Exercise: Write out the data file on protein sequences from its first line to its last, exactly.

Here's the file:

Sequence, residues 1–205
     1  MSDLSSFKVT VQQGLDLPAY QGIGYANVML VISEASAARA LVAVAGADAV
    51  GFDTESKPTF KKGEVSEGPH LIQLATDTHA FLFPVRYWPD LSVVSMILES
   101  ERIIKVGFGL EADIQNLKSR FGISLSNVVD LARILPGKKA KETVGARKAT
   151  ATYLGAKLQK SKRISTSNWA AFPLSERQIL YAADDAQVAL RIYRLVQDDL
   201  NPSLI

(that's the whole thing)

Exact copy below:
Sequence, residues 1–205
     1  MSDLSSFKVT VQQGLDLPAY QGIGYANVML VISEASAARA LVAVAGADAV
    51  GFDTESKPTF KKGEVSEGPH LIQLATDTHA FLFPVRYWPD LSVVSMILES
   101  ERIIKVGFGL EADIQNLKSR FGISLSNVVD LARILPGKKA KETVGARKAT
   151  ATYLGAKLQK SKRISTSNWA AFPLSERQIL YAADDAQVAL RIYRLVQDDL
   201  NPSLI